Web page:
Format

Send to

Choose Destination
See comment in PubMed Commons below
Ecol Lett. 2006 Sep;9(9):1080-8.

Temporal variation in plant-soil feedback controls succession.

Author information

1
Netherlands Institute of Ecology NIOO-KNAW, Centre for Terrestrial Ecology, PO Box 40, 6666 ZG Heteren, The Netherlands. p.kardol@nioo.knaw.nl

Abstract

Soil abiotic and biotic factors play key roles in plant community dynamics. However, little is known about how soil biota influence vegetation changes over time. Here, we show that the effects of soil organisms may depend on both the successional development of ecosystems and on the successional position of the plants involved. In model systems of plants and soils from different successional stages, we observed negative plant-soil feedback for early-successional plant species, neutral feedback for mid-successional species, and positive feedback for late-successional species. The negative feedback of early-successional plants was independent of soil origin, while late-successional plants performed best in late- and worst in early-successional soil. Increased performance of the subordinate, late-successional plants resulted in enhanced plant community diversity. Observed feedback effects were more related to soil biota than to abiotic conditions. Our results show that temporal variations in plant-soil interactions profoundly contribute to plant community assemblage and ecosystem development.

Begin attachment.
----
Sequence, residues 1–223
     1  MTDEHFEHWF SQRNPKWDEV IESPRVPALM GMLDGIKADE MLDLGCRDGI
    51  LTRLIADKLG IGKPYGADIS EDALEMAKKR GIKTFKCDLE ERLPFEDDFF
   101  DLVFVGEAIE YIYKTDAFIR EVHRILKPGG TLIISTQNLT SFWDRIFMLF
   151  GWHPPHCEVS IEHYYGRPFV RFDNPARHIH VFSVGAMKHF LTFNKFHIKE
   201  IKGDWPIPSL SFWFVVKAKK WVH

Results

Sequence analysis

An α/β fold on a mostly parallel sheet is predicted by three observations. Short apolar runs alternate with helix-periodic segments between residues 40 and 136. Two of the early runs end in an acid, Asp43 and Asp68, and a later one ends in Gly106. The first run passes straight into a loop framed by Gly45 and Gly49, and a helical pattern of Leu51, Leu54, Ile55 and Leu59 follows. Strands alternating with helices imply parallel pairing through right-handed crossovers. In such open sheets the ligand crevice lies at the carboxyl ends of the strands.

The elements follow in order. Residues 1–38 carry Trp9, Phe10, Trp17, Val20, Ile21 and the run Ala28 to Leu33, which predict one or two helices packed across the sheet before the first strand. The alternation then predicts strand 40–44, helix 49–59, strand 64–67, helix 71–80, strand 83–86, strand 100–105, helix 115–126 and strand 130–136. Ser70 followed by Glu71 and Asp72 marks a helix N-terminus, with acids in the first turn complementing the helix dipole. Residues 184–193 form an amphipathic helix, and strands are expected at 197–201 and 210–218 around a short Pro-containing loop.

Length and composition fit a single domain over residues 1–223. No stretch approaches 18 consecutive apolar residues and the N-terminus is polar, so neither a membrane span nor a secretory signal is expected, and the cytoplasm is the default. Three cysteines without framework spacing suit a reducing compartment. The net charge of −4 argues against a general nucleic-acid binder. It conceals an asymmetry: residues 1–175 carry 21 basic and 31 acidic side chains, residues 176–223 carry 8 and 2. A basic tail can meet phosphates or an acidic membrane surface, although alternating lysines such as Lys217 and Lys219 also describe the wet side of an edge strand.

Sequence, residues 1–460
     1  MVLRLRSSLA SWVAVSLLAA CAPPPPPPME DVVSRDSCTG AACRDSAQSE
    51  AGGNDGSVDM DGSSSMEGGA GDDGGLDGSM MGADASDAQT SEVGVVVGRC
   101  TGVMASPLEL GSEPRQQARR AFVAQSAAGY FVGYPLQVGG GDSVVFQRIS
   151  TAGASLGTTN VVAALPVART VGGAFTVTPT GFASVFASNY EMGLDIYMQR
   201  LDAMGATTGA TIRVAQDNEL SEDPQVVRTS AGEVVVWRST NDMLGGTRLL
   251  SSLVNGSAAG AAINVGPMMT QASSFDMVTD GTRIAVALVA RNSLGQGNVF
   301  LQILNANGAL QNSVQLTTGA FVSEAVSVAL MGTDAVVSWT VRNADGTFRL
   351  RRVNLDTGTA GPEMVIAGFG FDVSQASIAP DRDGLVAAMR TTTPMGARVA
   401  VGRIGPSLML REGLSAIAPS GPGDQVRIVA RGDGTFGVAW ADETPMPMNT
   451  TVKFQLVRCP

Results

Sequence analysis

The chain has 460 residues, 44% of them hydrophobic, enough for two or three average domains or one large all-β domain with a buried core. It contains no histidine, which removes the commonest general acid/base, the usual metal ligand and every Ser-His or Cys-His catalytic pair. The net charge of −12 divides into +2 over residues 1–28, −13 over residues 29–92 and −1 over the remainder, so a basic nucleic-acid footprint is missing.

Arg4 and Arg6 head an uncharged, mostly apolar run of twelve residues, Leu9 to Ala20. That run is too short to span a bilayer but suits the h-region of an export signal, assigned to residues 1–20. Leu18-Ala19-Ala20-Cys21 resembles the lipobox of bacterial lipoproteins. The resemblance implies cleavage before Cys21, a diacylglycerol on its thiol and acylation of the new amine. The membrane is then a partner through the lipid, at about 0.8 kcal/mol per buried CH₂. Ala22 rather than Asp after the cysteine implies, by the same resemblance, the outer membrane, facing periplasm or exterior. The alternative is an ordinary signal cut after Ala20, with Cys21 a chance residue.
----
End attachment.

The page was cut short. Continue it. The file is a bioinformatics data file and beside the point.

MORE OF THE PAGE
[Indexed for MEDLINE]
PubMed Commons home

PubMed Commons

0 comments
How to join PubMed Commons

    Supplemental Content

    Full text links

    Icon for Wiley
    Loading ...
    Support Center